Kenyan President Uhuru Kenyatta used his State of the Nation Address on Thursday to rally support for the report of the constitutional reforms taskforce amid mounting pressure to have some of its proposals revised.
The president said that the changes proposed by the Building Bridges Initiative (BBI) taskforce last month will help defuse volatile ethnic politics, spur equitable development and fight corruption in the country.
“As we progress to the next phase of implementing the recommendations from the (BBI) taskforce, I urge all Kenyans to, constructively and objectively, consider the recommendations therein,” he said.
The president, who compared his role of leading the reforms campaign with that of the biblical Moses, has made BBI part of second-term legacy agenda along with ambitious programmes under the Big 4 Agenda — affordable housing, universal healthcare coverage, manufacturing and food security.
With the Covid-19 pandemic having further diminished his chances of meeting the Big Four Agenda targets ahead of his exit in 2022, the constitutional reforms appear to represent his best shot at delivering on any of the major promises he made at the beginning of his final term in office.
The highlights of the BBI report are proposals aimed at accommodating more of the country’s ethnic political elites in power and to significantly increase the share of national revenue allocated to the devolved governments.
A constitutional amendment Bill, recommending among others the creation of the posts of the prime minister and the leader of official opposition in parliament, is to be debated in the local and national legislatures in the coming months ahead of a referendum before August 2021.
President Kenyatta and former Prime Minister Raila Odinga have in recent weeks stepped up mobilisation for key support, holding meetings with county governors, Members of Parliament and a lobby for pastoralist counties.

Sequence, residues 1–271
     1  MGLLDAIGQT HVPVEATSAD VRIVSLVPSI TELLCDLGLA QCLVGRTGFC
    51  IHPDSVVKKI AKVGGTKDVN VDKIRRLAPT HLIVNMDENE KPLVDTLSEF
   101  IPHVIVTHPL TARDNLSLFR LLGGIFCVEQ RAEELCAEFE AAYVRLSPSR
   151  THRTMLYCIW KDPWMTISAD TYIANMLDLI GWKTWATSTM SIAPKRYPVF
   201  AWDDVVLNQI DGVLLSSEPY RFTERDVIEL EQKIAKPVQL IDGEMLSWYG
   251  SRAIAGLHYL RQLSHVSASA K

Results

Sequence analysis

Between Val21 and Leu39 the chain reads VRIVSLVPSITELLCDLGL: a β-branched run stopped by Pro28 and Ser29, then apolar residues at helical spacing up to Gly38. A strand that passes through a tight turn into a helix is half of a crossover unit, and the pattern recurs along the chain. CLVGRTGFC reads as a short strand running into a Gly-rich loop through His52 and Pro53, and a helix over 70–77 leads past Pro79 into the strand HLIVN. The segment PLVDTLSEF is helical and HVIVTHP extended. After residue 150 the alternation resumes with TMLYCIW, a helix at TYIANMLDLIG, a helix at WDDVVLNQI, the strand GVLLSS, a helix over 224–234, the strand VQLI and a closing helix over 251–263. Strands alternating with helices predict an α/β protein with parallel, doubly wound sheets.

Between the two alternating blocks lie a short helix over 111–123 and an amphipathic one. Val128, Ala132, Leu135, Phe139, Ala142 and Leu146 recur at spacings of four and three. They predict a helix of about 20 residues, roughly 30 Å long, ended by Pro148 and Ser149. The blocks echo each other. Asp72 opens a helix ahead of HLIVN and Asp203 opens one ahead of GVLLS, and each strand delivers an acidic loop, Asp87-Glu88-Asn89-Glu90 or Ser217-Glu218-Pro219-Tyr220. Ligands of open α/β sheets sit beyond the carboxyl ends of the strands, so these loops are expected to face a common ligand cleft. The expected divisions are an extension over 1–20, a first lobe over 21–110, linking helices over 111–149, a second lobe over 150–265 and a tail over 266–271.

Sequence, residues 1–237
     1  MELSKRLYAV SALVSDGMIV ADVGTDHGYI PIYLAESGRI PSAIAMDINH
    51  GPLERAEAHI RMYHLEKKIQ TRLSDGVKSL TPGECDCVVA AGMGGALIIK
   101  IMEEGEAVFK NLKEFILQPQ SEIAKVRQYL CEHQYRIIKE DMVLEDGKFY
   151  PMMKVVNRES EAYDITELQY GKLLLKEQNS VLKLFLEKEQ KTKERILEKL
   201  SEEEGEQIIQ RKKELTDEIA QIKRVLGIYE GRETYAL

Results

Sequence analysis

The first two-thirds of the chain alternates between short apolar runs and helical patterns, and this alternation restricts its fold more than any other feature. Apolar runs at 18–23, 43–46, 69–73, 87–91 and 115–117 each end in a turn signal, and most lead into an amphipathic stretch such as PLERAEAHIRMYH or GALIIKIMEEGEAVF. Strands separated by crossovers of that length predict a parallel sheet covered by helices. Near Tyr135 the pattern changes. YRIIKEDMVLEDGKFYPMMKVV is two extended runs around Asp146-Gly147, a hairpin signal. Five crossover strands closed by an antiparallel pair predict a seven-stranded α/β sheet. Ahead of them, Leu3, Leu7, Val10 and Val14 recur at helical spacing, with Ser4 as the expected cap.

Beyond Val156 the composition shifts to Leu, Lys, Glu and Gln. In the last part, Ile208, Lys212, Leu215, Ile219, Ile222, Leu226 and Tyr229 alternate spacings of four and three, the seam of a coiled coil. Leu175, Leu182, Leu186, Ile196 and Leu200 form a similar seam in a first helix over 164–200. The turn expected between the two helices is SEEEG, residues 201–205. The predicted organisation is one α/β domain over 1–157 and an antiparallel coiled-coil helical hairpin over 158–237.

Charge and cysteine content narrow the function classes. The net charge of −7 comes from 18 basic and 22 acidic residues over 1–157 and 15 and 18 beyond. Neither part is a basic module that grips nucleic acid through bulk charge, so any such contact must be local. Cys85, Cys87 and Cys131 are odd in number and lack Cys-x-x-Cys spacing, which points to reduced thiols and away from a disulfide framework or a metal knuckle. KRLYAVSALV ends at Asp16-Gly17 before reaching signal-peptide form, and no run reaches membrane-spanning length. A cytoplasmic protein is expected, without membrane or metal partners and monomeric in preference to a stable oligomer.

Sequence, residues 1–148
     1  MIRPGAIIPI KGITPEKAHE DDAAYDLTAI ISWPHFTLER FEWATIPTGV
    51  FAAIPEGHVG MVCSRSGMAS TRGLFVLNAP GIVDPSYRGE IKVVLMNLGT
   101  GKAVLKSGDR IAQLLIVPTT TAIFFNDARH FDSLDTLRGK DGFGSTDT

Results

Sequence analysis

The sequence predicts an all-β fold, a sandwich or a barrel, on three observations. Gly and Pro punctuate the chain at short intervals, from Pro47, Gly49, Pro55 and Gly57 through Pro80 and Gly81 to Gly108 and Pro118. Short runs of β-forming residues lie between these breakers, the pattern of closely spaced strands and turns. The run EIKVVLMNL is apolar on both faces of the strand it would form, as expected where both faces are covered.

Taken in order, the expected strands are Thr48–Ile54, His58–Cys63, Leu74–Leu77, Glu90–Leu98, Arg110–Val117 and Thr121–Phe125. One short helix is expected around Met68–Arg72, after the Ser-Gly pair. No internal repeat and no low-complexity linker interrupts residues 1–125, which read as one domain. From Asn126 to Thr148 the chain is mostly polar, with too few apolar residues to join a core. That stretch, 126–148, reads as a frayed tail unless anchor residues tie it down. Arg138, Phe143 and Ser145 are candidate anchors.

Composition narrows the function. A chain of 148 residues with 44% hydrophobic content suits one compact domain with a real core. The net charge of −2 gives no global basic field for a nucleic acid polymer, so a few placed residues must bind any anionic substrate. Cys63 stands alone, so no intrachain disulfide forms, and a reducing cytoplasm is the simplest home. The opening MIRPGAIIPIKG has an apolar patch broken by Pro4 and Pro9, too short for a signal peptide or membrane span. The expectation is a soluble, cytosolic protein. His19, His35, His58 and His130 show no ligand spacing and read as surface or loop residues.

The pastoralists lobby is among the interest groups, including churches and civil society organisations, which have come out to demand changes to the BBI document before it can be subjected to a referendum.
RETIREMENT NEST EGGS
The lobby has particularly taken issue with proposals that put much weight on population in the sharing of devolved funds and the delayed disbursement of monies from the affirmative action-style Equalisation Fund meant to benefit the historically marginalised counties.
Mr Odinga, who met a section of the pastoralist Leaders Forum on November 9, suggested that the window could yet be opened to accommodate the lobby’s demands before tweeting the next day that only editorial changes will be made to the report.
A pushback by the group will evoke anxiety among BBI proponents about a prolonged deadlock similar to the one witnessed in the Senate in July and August over a disputed government-backed county revenue sharing formula.
Although sparsely populated, the pastoralist counties could still decide the fate of the referendum Bill, which requires the support of 24 out of Kenya’s 47 county assemblies to pass.
The first two weeks of canvassing around the BBI report have seen other interest groups holding out for sweet deals before they can support the referendum.
The Council of Governors, the lobby for the country’s 47 county governments and governors, is pushing for heftier perks, including retirement benefits, for its members to match those currently lavished on Members of Parliament.
Meanwhile members of the County Assemblies are demanding that at least 30 percent of the money allocated to the devolved governments be sent to the electoral areas they represent.
Signs are, more demands will pour in before the BBI lobbying window is shut, and one can understand why proponents are reluctant to give in to even what can be considered credible and needed changes.
BBI REPORT 2020 MANDATE
Before the Steering Committee were:
COVID-19: The pandemic has led to extraordinary changes to the global health, economic and trading systems. Check the damage to economic livelihoods, effect of unemployment and destroyed wealth and suggest changes.
COMPETENCE: They observed and borrowed global best practices from successful countries whose institutions and processes consistently produce competence in planning and implementation.
EQUITY AND EQUALITY: If the object of politics is ‘who gets what, when, how’, Kenyans must embrace legal and political systems that carefully balance between these to eliminate victimisation.
EQUAL OPPORTUNITY: It was critical to focus on equalisation of opportunity for all, no matter the age, ethnicity, religion, or gender, as the primary aim of economic policy.
REFORM: The Kenyan ethos of working hard to mediate conflicts for peace and stability must remain a prerequisite for a successful Kenya.